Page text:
A trip to the International Museum of Art and Science (IMAS) a while back to view the work of American filmmaker Timothy Greenfield-Sanders gave two UTRGV professors and a digital photography class an idea.
They could, and would, point their lenses at their own peers and students for an identity project that would emulate Greenfield-Sanders’s The Latino List, with their own collaboration of student photographs.
Dr. Katherine McAllen, assistant professor of Latin American Art History, UTRGV School of Art, and Marilyn Carren, photography lecturer in the School of Art, discussed having a pop-up show of work created by UTRGV students, all in the style of the Greenfield-Sanders exhibit, which was organized by the San Antonio Museum of Art.
The Greenfield-Sanders exhibit, The Latino List, features portraits of influential Latinos and Latinas in America – including Sandra Cisneros, a prominent Mexican-American writer; John Leguizamo, a Colombian-born American actor; and Sonia Sotomayor, the first Hispanic and Latina associate justice of the U.S. Supreme Court.
McAllen and Carren were certain the premise would have significance for UTRGV students.
“I wanted each student to share their own personal interpretation of The Latino List,” McAllen said. “The great thing about studying art is the creativity it inspires. Each student's interpretation of a work is unique and different, and that original idea is so valuable.”
Students from Carren’s art course discussed other work by Greenfield-Sanders, such as The Black List and The Trans List, which showcased prominent figures within the black and transgender communities.
“My students’ interest inspired and motivated me to try the experiment,” Carren said.
Thus was born The Vaquero List.
The students met at IMAS to begin their projects. They dressed as they wanted to be represented, and had their image made in the style of Greenfield-Sanders. The students took portraits of each other under the guidance of their professors, McAllen and Carren. After viewing the gallery, and inspecting the poses and lighting, the students were photographed together in the foyer of the exhibit.
“I asked the students to write a short paragraph pertaining to their identity, to be displayed alongside their portraits, as was done for The Latino List,” Carren said. “This was instructional for the students, because it illustrated to them the importance of how they see themselves in the here and now.”
Carren had her students imagine how they, too, might become one of the members of the illustrious Latino List by continuing to work hard and look to the future.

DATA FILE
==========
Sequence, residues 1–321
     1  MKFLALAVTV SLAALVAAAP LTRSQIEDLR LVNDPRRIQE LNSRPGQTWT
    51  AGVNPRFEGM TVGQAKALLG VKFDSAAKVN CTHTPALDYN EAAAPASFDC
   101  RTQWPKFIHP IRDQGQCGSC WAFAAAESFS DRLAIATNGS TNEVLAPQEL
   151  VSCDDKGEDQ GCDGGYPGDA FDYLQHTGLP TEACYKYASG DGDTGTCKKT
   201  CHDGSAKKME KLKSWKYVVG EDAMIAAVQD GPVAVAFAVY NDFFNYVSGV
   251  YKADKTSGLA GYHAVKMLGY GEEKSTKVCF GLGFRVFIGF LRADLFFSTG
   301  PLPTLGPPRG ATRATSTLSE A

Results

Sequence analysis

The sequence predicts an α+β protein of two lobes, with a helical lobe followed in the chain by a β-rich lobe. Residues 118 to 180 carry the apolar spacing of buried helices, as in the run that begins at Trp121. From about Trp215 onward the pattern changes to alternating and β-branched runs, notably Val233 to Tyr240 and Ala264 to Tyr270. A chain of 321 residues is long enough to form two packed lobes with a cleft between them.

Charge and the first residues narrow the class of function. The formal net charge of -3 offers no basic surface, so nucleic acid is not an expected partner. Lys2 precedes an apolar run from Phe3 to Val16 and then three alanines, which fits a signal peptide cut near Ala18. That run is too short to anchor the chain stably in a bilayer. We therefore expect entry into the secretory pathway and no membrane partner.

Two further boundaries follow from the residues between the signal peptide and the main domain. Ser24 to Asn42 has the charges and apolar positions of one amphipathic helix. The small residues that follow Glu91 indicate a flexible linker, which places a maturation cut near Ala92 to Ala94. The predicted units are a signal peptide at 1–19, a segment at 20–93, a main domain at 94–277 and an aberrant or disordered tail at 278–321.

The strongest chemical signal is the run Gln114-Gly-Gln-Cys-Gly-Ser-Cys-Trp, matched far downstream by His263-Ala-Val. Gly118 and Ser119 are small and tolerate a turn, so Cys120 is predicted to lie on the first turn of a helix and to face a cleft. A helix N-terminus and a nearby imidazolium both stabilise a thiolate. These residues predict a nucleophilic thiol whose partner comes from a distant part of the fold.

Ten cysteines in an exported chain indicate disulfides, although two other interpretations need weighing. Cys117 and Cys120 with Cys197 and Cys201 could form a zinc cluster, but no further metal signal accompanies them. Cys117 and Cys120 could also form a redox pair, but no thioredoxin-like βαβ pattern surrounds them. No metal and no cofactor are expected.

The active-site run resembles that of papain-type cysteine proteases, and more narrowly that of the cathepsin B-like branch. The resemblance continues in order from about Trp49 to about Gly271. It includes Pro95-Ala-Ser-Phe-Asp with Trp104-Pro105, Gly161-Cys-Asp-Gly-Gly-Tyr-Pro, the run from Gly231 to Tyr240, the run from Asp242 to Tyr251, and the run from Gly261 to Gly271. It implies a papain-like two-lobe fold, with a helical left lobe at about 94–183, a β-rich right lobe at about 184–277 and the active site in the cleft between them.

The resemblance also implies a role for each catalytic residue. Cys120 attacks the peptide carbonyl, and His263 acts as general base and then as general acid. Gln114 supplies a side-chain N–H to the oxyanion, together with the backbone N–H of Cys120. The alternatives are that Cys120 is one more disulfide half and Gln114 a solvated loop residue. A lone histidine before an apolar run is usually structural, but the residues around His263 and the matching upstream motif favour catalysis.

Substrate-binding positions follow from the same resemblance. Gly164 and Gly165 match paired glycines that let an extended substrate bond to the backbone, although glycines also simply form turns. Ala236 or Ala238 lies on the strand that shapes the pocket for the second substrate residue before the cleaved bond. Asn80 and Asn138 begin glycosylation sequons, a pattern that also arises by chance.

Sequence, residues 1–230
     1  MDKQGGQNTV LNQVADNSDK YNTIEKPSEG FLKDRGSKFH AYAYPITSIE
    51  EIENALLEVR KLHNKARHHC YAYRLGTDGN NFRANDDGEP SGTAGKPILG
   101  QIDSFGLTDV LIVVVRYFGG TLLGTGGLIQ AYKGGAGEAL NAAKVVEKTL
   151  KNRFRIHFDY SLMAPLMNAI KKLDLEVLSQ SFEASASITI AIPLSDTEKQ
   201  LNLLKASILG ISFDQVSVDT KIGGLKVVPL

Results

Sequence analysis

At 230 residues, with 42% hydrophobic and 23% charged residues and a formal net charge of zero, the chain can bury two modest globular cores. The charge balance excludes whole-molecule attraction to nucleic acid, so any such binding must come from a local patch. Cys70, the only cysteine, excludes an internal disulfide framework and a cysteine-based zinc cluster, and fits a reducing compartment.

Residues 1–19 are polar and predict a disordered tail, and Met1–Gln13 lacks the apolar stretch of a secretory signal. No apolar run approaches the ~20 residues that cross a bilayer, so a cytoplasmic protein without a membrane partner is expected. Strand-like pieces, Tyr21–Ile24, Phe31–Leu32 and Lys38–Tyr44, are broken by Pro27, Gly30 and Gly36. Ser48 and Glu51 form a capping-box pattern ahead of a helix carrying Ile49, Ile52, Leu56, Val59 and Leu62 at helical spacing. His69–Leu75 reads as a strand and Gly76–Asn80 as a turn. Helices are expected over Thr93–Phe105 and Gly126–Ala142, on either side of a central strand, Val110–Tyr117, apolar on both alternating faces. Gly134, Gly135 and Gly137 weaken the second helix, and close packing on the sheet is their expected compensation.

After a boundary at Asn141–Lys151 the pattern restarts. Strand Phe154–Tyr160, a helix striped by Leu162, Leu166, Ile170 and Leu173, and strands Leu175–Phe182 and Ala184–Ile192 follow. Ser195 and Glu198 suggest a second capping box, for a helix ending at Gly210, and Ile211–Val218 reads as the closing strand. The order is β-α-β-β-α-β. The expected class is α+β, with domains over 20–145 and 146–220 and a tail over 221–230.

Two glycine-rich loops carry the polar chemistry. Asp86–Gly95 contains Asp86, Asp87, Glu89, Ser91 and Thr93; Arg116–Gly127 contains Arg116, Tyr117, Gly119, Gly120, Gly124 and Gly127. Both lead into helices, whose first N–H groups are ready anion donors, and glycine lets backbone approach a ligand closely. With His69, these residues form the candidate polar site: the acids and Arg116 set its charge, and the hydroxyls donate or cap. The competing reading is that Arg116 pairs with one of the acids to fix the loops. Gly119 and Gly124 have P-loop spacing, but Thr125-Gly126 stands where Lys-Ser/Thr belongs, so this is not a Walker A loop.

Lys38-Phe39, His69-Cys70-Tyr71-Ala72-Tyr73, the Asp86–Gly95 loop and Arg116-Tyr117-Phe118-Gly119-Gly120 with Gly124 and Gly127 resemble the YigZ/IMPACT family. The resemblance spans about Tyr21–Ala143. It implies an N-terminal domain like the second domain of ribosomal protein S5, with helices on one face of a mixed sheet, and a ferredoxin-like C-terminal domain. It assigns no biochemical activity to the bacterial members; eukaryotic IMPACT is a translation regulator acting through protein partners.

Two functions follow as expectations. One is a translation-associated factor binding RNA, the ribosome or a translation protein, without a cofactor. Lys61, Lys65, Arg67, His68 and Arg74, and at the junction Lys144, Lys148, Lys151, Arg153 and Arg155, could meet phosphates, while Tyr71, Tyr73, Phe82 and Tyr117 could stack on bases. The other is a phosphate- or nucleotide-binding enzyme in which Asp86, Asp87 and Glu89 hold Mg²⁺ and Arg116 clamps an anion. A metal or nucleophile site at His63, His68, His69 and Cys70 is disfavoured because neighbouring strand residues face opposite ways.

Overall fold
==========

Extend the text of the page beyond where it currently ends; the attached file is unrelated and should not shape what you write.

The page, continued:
McAllen said the students were proud to see the photographs of prominent Latino and Latina leaders celebrated, which helped in the work of the project.
“They also were inspired to think about how to communicate this focus on Latino identity in photographs of their peers and themselves,” McAllen said. “Both The Latino List and The Vaquero List taught these students how the power of images can inspire us to think about who we are and, more importantly, be proud of our upbringing and our accomplishments.”
Fabian Farias, a UTRGV senior history major from Mission, said he typically is the person behind the camera, especially since the birth of his first child. His goal was to leave his comfort zone and become one of the many subjects of this important exhibit. The project helped symbolize what UTRGV was, he said, so he enjoyed the process.
“I believe the overall goal of the project was to show that, although none of us is ‘famous,’ we are what make UTRGV what it is,” Farias said. “We make it a university of students wanting and aspiring to make a difference in our lives by attending college.”
Adelina Agueros, a UTRGV senior from Mercedes working toward a BFA in Graphic Design, said the project opened her eyes to the process of capturing important imagery and being able to tell a story through editing.
“I had never seen Greenfield-Sander’s work before, but I was amazed at the simplicity of his style, which captured the model very casually and personally. I was excited to see if we, as a class, could replicate it,” she said. “Seeing the final product of our hard work just made everything worth it and I absolutely believe that we, as a class, reached the goal.”
The Vaquero List was on display for one night at the IMAS, and The Latino List ran until Jan. 6.
UTRGV plans to bring The Vaquero List to its campus in the future, but plans have not been finalized.